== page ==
I managed to choke down French, Spanish, and Russian, but of those, I normally only have reason to use Spanish. Like most areas of the United States, I can hear Spanish any day in Wal-Mart. That is the only language, other than my native language, that I am going forward with. I can use it at work, and anyone in a very large part of the United States needs it in the event of an emergency – that goes quadruple for public servants, teachers, and medical professionals, and double for insurance adjusters and clergy. I did also do German and had a need for it in Europe. Note that what I used in Europe was the German I got from my recorded lessons and not from the five classroom years. Those classes were nearly wasted. Hey, I made good grades!

So how do you go forward? Again, you learn by doing. The CD or DVD will only take you so far. You need someone to practice with. The best situation is an exchange: 30 minutes of your English for 30 minutes of a native speaker's Spanish or other language. You can find those people by asking a teacher at the local community college or even high school. One session per week is about a minimum. If too much time passes, you begin to lose it. If you can't find someone to exchange with, you may have to pay.

The quickest way is total immersion. Here's where things get interesting. Nearly anyone in business in the United States can use French or Spanish for monetary gain. Business expenses are deductible. There are schools set up in, say, Mexico to teach you, even starting from scratch. So you can take a vacation and make it deductible. It's a demanding task requiring dedication. If you can't make yourself muddle through a single CD, don't bother. It's better just to lose the five bucks you spent on a used set. Should you decide to do it, you might give the spouse or significant other a choice not to go. You're going to be in school and in the community trying to talk another language. Unless your spouse or S.O. is into it too, they may feel left out.

Spanish Class

I went to the school Encuentros in Cuernavaca for a single week. It cost $1000. Half of that was airfare. The remaining $500 took care of the school, lodging (which the school arranged with a family), ground transportation, meals, souvenirs, everything. So what can you do in one week? Well, I went from speaking strictly in the present tense to being able to use the past and future. I tell people, now I have a past and future. That was really a huge step. There was only one other student in my class as you can see in this picture that I took of the teacher and other student. (The balcony was pleasant, but they also have plenty of conventional classrooms). The difference between twenty students and two students is that in the large class, you have no opportunity to talk, but in the small class, you are required to talk. And, of course, there were cultural discussions and tours, as shown here.

Class Tour

When you are required to talk in a language you are just starting in, your brain rebels after about ten minutes. It turns to mush. You can't say anything. Do not give up. That is when it is getting rewired. You are learning at top speed even while you feel you can't think at all.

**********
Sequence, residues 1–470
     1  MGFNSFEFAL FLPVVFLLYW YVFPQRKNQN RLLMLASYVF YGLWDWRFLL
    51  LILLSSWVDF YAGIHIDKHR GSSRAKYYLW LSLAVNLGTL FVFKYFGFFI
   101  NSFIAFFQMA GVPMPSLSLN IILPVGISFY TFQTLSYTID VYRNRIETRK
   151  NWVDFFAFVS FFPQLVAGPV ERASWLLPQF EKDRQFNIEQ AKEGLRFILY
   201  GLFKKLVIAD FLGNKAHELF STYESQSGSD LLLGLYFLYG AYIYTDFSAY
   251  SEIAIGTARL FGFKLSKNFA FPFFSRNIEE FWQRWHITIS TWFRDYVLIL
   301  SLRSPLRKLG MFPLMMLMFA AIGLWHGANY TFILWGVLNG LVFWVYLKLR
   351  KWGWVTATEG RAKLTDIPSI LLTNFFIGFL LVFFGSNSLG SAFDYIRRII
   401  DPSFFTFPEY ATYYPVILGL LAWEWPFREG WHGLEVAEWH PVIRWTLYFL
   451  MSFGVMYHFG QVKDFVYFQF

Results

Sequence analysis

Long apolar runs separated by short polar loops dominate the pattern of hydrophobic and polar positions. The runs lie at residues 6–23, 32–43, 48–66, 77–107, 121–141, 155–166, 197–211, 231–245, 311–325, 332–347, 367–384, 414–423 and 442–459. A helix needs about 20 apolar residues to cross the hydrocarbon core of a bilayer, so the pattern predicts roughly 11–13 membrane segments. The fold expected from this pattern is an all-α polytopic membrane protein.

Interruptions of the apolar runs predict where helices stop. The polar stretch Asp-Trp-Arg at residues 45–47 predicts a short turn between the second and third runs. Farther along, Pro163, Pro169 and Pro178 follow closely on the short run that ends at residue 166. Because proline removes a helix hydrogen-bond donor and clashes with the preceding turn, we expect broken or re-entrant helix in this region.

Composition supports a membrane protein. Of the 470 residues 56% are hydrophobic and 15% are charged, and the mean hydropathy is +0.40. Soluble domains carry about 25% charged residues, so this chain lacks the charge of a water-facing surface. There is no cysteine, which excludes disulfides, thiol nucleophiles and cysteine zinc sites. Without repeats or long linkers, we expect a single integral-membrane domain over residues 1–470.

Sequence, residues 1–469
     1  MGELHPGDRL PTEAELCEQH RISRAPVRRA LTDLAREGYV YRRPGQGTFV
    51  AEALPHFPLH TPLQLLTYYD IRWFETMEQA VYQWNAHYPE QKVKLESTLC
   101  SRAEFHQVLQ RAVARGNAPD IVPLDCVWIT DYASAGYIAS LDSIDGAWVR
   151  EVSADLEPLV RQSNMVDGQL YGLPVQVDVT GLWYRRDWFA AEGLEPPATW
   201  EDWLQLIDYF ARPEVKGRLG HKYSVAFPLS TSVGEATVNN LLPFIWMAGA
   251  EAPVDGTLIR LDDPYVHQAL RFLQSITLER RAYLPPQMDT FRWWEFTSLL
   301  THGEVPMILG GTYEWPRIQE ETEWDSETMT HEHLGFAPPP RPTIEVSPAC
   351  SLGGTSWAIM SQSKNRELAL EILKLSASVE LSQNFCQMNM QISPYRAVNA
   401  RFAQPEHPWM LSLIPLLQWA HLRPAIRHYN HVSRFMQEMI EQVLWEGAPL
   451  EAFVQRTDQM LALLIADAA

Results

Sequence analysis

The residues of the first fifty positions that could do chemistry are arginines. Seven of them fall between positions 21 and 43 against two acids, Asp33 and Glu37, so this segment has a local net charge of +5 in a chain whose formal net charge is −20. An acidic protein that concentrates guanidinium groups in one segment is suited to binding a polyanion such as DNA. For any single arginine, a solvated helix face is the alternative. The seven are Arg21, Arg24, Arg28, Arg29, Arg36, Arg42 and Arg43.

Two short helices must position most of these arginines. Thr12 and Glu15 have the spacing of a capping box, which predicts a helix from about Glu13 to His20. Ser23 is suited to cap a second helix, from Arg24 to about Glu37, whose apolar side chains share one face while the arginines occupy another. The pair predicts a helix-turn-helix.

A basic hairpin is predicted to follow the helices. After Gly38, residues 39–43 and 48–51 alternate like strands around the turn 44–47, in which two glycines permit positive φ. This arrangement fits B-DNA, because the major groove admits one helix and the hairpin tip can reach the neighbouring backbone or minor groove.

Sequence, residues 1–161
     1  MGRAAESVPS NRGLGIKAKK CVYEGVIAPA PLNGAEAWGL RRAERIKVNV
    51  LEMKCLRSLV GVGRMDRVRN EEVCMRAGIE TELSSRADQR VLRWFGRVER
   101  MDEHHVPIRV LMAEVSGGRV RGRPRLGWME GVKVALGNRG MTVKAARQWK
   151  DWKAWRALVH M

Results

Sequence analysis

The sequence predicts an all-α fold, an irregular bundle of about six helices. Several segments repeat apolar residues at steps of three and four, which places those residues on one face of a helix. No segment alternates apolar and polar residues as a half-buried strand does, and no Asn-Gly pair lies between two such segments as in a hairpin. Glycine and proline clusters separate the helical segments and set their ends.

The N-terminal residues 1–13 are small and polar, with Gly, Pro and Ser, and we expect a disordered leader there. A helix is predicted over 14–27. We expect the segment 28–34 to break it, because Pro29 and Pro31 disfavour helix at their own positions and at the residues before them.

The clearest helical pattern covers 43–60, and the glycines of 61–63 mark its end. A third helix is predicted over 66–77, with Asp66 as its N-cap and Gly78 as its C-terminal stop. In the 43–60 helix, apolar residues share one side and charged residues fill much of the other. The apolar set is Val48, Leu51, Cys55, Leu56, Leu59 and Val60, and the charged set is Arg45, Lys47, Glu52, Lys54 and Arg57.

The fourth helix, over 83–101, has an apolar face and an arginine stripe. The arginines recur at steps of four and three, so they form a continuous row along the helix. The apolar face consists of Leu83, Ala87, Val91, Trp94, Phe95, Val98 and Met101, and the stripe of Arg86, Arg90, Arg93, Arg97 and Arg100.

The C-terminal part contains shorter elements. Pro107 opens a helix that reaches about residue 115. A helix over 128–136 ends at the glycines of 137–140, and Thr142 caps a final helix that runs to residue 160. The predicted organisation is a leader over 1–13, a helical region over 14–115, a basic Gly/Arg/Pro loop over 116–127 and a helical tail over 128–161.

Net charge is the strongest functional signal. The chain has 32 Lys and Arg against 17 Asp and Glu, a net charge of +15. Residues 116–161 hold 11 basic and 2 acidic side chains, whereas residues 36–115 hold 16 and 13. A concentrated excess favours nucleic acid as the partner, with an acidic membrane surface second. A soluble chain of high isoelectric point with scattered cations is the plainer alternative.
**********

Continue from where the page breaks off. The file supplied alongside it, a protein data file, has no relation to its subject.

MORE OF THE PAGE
Can't get away? Can't find a helper? You can do it online. You wear a headset and have the equivalent of a blackboard on your screen. Again, I use Encuentros for online courses. It isn't really total immersion, but it's close. I currently pay $10 per hour for a group of three or $20 for private lessons. If you are in a larger city, there will be a language school that can provide a tutor. The cost will certainly be much higher than the other options, but your company may well be glad to pay for it. You must not accept a tutor that speaks the language you are trying to learn as a second language. Nope. Only a native speaker will do. Don't even worry about the accent your helper may have just as long a he or she is a native speaker. It will be a long time before you can hear an accent. Any reasonably educated person from any country that speaks the language you want to learn can help you. Do worry about your own accent. Watch your helper's or teacher's mouth and try to shape your mouth and tongue similarly.

How long does it take? The rest of your life. Just like your native language. You just keep picking up one tool after another to make it easier to tackle specific jobs in your new language. I've watched dentists do an exam using just a handful of words. I have heard stories about people who are transplanted into a country with a different language. I understand they need ten years to become completely proficient. Even then, they are going to have an accent unless they arrived in grade school. I teach English as a second language to people who speak Spanish. I've decided the big thing is to hit the accent first. You can't really understand it unless you can say it. That means the tongue has to automatically jump into a different position.

Because I work on Spanish daily, my tongue touches my upper teeth when I even start to think in any other language. I had a strange encounter once with a Russian in the United States. When exchanging basic pleasantries in Russian, he suddenly said quite seriously that I did not have an English accent. He was not complimenting me. In fact, he seemed suspicious. That happens in Spanish. A gringo speaking Spanish? Hmmm. Possibly immigration. If you are able to convince them you are not the authorities, they suspect you are a missionary.

Well, I guess in some sense I am on a mission. If you have people in your community who speak another language – and who doesn't? – learning their language is just being a better citizen. It doesn't hurt that it glows like a light on a résumé.

(February, 2011)